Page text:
Prof. Dr. Daniel Weitzner
Fachbereich: Informationstechnologie
Institution: World Wide Web Consortium's Technology and Society Activities
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Daniel Weitzner is Director of the World Wide Web Consortium's Technology and Society activities. As such, he is responsible for development of technology standards that enable the web to address social, legal, and public policy concerns such as privacy, free speech, protection of minors, authentication, intellectual property and identification. He is also the W3C's chief liaison to public policy communities around the world and a member of the ICANN Protocol Supporting Organization Protocol Council. As one of the leading figures in the Internet public policy community, he was the first to advocate user control technologies such as content filtering and rating to protect children and avoid government censorship of the Intenet. These arguments played a critical role in the 1997 US Supreme Court case, Reno v. ACLU, awarding the highest free speech protections to the Internet. He successfully advocated for adoption of amendments to the Electronic Communications Privacy Act creating new privacy protections for online transactional information such as Web site access logs. Weitzner holds a research appointment at MIT's Laboratory for Computer Science and teaches Internet public policy at MIT. Before joining the W3C, Mr. Weitzner was co-founder and Deputy Director of the Center for Democracy and Technology, a leading Internet civil liberties organization in Washington, DC. He was also Deputy Policy Director of the Electronic Frontier Foundation. Mr. Weitzner has a degree in law from Buffalo Law School, and a B.A. in Philosophy from Swarthmore College.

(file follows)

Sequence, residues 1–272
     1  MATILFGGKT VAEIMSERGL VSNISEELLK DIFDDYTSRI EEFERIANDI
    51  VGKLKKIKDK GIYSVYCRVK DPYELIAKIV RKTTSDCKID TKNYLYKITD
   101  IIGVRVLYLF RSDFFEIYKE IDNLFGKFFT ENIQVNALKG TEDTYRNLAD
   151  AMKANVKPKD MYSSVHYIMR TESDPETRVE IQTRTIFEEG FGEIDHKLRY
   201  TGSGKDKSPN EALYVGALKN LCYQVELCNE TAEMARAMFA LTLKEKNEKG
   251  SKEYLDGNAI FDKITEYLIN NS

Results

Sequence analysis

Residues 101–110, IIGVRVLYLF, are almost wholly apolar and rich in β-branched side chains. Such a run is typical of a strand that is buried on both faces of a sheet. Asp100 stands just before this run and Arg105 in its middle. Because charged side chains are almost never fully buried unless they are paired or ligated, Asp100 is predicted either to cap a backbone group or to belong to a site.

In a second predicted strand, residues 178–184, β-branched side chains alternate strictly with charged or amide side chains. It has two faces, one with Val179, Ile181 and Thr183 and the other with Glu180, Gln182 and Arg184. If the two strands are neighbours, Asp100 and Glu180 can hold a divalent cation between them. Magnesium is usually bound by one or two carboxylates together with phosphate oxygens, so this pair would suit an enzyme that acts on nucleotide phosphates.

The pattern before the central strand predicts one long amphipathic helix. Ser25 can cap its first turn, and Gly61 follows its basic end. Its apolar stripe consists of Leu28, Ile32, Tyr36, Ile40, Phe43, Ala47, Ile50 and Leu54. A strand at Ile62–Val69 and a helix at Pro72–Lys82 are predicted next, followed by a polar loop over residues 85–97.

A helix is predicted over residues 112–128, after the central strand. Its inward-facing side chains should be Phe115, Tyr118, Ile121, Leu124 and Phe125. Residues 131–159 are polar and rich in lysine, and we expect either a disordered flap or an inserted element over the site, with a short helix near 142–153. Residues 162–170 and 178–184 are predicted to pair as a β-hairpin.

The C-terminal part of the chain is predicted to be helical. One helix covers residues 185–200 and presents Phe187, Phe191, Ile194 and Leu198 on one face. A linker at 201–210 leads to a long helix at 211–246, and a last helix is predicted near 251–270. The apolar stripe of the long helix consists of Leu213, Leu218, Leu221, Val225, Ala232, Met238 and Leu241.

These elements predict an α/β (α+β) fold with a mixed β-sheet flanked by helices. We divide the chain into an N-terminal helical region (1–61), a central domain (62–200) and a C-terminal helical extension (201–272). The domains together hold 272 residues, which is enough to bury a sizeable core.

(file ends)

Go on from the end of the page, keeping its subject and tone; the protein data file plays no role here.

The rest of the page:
Abundance and Control. Renewing the Democratic Heart of the First Amendment in the Age of Interactive Media. Yale Law Journal, Vol. 104, No.7 (1995), Electronic Democracy: Using the Internet to Influence American Politics (1996), Directing Policy-Making: Beyond the Net's Metaphor. Communications of the ACM, Vol. 40, No. 2 (1997), Technology and Democracy. Social Research. Volume 64 No. 3 (1997), Privacy in context. Human-Computer Interaction, 16, pp. 167-176 (2001).
Referent bei Internet & Politik
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